Just over 4 years ago, my brother and his family moved to a hot, desert climate in the Southwest. We visit yearly, usually during the summer, since that’s when the kids in both states are out of school. So my family just spent the past five days in Las Vegas. 108 degrees Fahrenheit.
It’s a dry heat. Like my convection oven, only bigger.
Not even a wisp of a cloud in the sky the entire time we were there. And that sun is brutal. So I listened to my own advice, and when it wasn’t possible to stay in the shade, I used a strong sunscreen. Personally, I love the Neutrogena Ultra Sheer stuff – it absorbs really quickly, and doesn’t feel at all slimy or greasy. But whatever you do, for the love of all that is holy, do NOT allow that substance to get in your eyes.
When I splashed into the pool at the bottom of a lovely, meandering water slide, it took about 4-and-a-half seconds for the sunscreen to get from the skin around my eyes to the surface of my eyes. And I thought my corneas might actually catch on fire.
So, when you get sunscreen in your eyes, rinse them immediately with lots of clean water. Use soap and water to wash your whole upper face, so that more doesn’t drip in again later when you start to sweat or when you jump in the pool again. Wear a hat. Get in the shade. And find a sunscreen made for faces, or a tear-free one.
Oh, and here’s another first-aid tip (this one’s not really my field, but I figured I’d share information learned) : When you realize a few minutes after jumping into a swimming pool that your cell phone is in your pocket, pop out the battery immediately (to avoid short circuits that’ll completely fry the inside of the phone), dry off what you can, and stick the phone in a zip-lock baggie with a bunch of uncooked rice and leave it overnight. The rice absorbs water vapor, helping to draw moisture out of the cell phone. This trick made for a mostly-functioning phone and a very grateful teenager (one who will likely not put a cell phone in his bathing suit pocket again).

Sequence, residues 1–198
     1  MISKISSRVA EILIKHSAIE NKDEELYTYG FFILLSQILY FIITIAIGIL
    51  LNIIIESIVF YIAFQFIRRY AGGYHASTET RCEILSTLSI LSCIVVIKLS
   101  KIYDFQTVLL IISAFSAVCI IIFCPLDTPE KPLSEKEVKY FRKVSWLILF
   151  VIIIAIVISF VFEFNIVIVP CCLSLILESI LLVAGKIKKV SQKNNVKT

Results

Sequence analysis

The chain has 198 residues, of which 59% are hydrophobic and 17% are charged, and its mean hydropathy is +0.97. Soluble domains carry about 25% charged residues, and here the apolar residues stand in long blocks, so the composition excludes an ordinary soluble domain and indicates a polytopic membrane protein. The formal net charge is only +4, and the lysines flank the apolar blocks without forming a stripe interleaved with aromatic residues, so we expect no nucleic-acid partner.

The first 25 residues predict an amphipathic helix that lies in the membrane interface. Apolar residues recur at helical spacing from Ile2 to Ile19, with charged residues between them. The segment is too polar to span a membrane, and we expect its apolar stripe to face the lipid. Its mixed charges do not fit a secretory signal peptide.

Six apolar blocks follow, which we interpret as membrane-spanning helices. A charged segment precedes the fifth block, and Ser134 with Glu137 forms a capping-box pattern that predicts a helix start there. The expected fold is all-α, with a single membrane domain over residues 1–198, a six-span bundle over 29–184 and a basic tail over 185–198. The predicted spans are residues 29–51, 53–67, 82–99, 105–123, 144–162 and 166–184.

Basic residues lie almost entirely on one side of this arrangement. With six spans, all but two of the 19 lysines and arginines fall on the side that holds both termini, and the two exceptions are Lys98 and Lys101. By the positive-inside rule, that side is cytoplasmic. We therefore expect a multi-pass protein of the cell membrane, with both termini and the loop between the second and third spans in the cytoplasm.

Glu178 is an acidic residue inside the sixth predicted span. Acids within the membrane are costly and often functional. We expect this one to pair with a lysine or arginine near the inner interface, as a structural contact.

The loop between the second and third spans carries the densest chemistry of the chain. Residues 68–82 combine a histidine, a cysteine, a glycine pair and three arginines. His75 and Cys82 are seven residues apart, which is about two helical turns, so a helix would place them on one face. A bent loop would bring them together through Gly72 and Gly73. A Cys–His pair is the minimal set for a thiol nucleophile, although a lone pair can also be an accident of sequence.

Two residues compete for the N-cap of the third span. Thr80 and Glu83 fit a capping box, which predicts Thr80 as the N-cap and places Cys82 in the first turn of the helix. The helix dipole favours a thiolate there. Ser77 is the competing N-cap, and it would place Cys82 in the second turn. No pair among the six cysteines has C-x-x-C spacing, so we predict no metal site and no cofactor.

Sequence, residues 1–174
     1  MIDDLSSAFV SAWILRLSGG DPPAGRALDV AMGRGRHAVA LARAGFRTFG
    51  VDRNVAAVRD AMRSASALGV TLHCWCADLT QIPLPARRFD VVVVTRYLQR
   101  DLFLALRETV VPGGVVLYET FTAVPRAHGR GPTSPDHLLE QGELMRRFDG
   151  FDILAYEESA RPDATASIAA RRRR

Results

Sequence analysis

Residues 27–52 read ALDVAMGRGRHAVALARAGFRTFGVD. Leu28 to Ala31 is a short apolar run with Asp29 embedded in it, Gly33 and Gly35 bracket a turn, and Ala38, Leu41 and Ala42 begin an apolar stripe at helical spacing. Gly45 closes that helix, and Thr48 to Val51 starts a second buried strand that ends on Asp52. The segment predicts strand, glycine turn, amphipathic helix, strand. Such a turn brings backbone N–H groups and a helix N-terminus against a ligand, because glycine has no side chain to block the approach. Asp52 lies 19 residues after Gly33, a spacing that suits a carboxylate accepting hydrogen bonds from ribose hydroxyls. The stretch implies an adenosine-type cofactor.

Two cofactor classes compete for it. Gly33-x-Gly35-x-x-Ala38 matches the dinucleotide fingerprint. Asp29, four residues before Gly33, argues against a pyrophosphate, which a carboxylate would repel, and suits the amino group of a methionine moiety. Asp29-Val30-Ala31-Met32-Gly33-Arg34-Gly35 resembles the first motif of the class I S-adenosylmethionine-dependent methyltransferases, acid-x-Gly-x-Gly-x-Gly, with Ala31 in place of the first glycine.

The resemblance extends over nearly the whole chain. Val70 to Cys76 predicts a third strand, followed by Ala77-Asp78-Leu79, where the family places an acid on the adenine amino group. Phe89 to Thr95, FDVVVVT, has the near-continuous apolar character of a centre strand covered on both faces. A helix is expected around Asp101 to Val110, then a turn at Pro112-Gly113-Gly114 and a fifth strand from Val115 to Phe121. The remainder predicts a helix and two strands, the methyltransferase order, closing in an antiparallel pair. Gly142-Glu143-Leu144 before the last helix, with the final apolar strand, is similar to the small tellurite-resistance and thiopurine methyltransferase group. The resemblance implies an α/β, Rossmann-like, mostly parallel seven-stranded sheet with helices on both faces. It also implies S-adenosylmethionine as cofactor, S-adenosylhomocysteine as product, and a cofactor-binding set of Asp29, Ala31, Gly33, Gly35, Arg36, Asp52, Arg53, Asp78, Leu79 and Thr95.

We had an absolutely fabulous visit with my brother and his family. It was laid-back, yet fun-filled. Everyone, from the 7-year-old to the 45-year-old, enjoyed swimming, pinball, four square, laser tag, walks, a rock music show, restaurants, ping pong, air hockey, card games (we were, after all, in Vegas), and just being together.
And then it was time to come home. It’s painful saying goodbye, since it’ll be about 10 months until we’re together again, but we consoled one another with talk of the modern wonder that is Skype, and then the five of us went to the airport. For an 11:45 p.m. flight. Also painful.
The price differential between a redeye flight and one at a decent hour is big enough that you can’t ignore it when you’re purchasing five plane tickets. Hydrate well prior to one of these flights, because if you snooze through the drink cart’s procession, you’ll feel like you’re back in the desert by the time the three-and-a-half hour flight is over.
Once home, it’s amazing the good a brief nap can do.
Please forgive any sleep deprivation-induced typos or grammatical errors in today’s post. And keep sunscreen out of your eyes, keep your cell phone out of the pool, and keep making memories, even when you have to fly all night to do so.